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Wind turbines 'will not change' Moyne  

Wind turbines being proposed for a development near Hawkesdale will be invisible from the Tower Hill lookout and a landscape expert believes the 31-tower project won’t change the character of Moyne Shire.

Landscape architect Allan Wyatt told a panel hearing yesterday that strategic tree plantings would reduce the visibility of turbines from most neighbouring houses.

Mr Wyatt, an expert called by TME Australia, the company proposing the $145 million project, said surveys conducted around the world found about 70 per cent of people were in favour of wind farms.

He said the acceptance by neighbours rose once construction was completed.

Mr Wyatt said when ranking the visual impact turbines would have on an area flat rural landscapes rated low because such land was so abundant.

Also, because the wind farm would not be visible from any highways in the region it was not considered to be a significant change to its characteristics, he said.

The turbines will be twice the size of existing 65m transmission towers and the closest turbine will be only 2.6km from Hawkesdale.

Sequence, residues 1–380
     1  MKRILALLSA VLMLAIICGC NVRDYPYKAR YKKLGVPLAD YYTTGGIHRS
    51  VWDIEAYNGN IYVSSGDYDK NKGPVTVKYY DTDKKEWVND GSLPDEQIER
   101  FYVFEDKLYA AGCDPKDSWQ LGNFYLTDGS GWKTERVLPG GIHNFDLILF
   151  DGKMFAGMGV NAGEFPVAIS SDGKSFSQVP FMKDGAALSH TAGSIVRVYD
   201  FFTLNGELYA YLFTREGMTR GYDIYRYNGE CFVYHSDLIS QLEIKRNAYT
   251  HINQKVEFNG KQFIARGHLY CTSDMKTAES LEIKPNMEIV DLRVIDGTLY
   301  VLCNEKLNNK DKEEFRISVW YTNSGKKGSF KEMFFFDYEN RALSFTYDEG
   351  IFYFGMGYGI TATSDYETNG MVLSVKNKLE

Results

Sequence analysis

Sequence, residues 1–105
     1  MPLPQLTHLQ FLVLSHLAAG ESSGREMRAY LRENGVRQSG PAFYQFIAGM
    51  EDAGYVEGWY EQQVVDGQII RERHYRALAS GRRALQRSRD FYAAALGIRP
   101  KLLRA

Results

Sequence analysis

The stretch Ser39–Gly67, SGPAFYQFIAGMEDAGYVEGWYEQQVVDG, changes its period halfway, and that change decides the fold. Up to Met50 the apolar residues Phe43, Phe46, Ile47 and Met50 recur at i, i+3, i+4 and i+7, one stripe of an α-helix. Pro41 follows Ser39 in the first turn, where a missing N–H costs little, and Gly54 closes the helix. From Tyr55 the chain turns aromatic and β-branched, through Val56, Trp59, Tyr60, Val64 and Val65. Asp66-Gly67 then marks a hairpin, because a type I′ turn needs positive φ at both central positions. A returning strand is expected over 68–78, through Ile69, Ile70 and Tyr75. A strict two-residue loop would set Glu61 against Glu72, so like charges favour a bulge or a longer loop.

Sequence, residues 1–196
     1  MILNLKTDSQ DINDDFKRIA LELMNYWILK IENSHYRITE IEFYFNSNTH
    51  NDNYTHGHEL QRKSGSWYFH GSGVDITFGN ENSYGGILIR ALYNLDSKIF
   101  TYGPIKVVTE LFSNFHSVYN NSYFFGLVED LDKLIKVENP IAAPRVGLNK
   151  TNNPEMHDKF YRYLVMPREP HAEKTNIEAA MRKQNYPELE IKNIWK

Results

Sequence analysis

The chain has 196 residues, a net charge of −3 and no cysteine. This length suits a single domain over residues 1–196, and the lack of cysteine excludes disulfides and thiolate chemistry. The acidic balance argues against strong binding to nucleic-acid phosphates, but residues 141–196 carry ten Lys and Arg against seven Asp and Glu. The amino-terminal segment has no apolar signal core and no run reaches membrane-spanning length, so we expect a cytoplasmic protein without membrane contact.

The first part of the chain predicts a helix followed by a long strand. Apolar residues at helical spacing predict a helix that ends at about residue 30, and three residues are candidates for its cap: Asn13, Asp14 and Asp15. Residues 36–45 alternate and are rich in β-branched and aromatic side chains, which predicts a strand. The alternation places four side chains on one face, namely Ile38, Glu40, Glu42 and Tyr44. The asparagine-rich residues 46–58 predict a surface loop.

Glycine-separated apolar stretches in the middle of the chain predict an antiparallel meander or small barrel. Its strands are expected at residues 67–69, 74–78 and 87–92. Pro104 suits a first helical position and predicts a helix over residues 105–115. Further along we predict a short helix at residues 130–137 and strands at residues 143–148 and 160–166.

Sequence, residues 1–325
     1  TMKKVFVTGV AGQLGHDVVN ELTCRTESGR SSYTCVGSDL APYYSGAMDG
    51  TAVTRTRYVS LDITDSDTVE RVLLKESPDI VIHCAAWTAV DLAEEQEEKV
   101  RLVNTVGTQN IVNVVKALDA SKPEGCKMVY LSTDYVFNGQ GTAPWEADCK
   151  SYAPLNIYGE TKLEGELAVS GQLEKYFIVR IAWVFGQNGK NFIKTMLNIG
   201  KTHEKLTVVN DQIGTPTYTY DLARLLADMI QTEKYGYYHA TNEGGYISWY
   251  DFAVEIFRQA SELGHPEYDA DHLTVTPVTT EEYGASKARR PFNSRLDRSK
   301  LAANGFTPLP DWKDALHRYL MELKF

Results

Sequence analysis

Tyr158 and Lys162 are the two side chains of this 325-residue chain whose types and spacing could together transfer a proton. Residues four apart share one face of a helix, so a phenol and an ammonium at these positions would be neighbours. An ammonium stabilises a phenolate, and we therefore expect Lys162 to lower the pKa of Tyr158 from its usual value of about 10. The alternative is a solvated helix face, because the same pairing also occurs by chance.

Despite the town’s proximity to the farm the turbines will barely be seen because of trees screening the towers, he said.

However, Mr Wyatt conceded most homes built outside of town and positioned to the south of the wind farm had few trees screening the development and the turbines were highly visible.

Plantings to screen properties south side may reduce natural light, he noted.

Mr Wyatt told the expert panel he did not believe 1000-metre setbacks between turbines and properties were necessary.

He said that from his experience strategic tree plantings could minimise views of the farm.

The expert panel will sit at the Port Fairy Yacht Club today from 10am to continue hearing the company’s submission.

The three-member panel will prepare a report and a recommendation, both of which will be considered by Victorian Planning Minister Justin Madden later this year.

By Sarah Scopelianos


12 April 2007

This article is the work of the source indicated. Any opinions expressed in it are not necessarily those of National Wind Watch.

The copyright of this article resides with the author or publisher indicated. As part of its noncommercial effort to present the environmental, social, scientific, and economic issues of large-scale wind power development to a global audience seeking such information, National Wind Watch endeavors to observe “fair use” as provided for in section 107 of U.S. Copyright Law and similar “fair dealing” provisions of the copyright laws of other nations. Send requests to excerpt, general inquiries, and comments via e-mail.

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